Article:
Department of Physics, Engineering Physics & Astronomy

Department of Physics, Engineering Physics & Astronomy
Department of Physics, Engineering Physics & Astronomy

SCUBA-Diving in Nearby Molecular Clouds: New Constraints

Dr. Doug Johnstone
NRC / Herzberg Institute, University of Victoria (Adjunct)

Date: Thursday, January 9, 2003
Time: 2:30 PM
Location: Stirling C


I will present results from sub-millimetre surveys of the nearby molecular clouds. Combining large area JCMT continuum emission images at 450 and 850 microns, sensitive to ~ 0.1 Solar mass condensations, with molecular line data (CO isotopes, CS, formaldehyde, etc.) allows for a glimpse into the physical properties of molecular clouds on small scales. Both barely resolved condensations and large scale features are visible in the maps, revealing the variety of dynamical events which operate in star forming regions. I will discuss the important physics associated with these regions, as evidenced by the survey results: the formation of filamentary structures with threaded magnetic fields, sculpting of the medium by outflows, shocks in jets, and the temperature and dust emission properties of both large and compact structures. I will also present a model of the many compact clumps found in the dust continuum images in order to derive their physical properties - mass, temperature, and bounding pressure. The derived cumulative mass function for these clumps will be shown to be remarkably similar to the stellar IMF. I will close the talk with a discussion of how these observational clues may be used to solve the outstanding problem of how stars are formed.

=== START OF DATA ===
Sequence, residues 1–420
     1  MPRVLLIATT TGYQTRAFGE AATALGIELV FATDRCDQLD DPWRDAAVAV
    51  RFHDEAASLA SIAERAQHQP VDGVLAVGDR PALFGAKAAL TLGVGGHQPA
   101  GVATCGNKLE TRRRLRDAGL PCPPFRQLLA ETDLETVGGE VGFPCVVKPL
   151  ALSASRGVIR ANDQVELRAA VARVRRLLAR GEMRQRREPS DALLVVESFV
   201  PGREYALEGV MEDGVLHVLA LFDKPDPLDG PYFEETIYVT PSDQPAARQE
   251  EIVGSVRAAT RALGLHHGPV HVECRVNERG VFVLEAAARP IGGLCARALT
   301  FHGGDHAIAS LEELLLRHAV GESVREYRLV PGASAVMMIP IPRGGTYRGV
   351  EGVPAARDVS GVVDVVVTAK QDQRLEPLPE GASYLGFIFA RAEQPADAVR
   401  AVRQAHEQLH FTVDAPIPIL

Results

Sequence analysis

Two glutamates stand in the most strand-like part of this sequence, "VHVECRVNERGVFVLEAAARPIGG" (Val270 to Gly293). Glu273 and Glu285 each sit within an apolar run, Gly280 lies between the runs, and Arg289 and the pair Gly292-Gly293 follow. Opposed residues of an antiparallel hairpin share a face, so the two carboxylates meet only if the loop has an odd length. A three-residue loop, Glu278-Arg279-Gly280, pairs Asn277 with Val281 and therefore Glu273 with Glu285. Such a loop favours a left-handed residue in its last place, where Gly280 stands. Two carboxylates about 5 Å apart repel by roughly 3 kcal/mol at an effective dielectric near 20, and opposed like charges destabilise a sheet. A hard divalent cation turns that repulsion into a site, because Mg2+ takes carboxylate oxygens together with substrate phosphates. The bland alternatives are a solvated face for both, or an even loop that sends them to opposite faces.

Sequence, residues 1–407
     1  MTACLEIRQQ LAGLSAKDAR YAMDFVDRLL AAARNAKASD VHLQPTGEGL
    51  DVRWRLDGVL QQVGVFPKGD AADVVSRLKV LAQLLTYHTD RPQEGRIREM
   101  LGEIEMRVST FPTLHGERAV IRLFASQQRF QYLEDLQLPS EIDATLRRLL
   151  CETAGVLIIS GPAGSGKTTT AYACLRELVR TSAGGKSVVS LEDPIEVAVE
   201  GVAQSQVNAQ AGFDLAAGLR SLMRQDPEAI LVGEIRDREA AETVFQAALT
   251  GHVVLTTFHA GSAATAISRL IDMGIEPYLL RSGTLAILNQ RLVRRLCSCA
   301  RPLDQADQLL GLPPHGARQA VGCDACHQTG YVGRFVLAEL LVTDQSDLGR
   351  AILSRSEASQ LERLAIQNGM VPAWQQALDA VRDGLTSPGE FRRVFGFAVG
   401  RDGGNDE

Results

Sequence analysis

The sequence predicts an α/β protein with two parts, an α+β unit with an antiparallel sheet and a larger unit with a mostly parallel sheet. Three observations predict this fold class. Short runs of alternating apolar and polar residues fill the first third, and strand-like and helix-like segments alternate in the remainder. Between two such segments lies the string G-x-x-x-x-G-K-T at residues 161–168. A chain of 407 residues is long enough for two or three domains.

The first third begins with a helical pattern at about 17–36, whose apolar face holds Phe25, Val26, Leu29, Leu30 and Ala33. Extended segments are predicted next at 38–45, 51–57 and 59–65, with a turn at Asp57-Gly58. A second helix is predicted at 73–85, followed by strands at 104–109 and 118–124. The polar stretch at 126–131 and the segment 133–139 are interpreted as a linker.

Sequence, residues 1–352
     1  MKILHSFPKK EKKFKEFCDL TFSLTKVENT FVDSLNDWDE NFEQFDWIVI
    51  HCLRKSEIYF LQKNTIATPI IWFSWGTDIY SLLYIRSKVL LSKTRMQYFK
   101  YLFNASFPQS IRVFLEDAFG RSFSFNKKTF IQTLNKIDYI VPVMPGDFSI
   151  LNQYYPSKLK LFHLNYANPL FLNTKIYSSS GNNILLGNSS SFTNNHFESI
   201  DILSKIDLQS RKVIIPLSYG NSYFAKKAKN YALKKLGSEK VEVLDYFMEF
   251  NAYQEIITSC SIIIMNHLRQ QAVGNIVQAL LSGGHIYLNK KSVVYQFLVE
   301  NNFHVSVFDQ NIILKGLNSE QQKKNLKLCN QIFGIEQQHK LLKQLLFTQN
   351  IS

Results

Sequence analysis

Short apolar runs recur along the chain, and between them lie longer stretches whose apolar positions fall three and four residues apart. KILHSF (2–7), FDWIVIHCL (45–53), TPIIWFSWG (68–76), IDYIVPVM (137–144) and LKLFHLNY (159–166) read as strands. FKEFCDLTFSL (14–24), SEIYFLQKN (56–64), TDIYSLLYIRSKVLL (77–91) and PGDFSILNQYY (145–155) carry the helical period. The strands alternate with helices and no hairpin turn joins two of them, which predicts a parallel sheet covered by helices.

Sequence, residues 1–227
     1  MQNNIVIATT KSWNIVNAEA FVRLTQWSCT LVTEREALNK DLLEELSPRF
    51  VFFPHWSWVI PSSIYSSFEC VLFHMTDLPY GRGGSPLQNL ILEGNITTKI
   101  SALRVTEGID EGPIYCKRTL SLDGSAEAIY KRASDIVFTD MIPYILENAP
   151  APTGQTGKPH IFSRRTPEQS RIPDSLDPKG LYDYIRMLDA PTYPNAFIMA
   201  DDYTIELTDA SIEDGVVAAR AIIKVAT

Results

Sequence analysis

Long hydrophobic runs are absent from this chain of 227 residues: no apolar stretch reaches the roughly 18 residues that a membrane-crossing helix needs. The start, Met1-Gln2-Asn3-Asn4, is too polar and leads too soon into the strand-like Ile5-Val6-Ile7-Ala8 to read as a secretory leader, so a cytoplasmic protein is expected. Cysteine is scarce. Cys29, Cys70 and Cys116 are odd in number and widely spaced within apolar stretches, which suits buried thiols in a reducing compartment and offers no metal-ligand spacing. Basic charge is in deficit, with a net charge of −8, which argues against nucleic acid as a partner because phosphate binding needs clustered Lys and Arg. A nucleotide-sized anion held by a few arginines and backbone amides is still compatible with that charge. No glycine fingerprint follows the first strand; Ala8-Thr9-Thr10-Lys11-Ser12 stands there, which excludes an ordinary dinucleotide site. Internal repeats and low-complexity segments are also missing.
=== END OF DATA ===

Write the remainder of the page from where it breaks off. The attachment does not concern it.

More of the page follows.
Dr. Doug Johnstone is a candidate for the Observational-Experimental Astronomer position in the Department.

Refreshments will be available after the talk.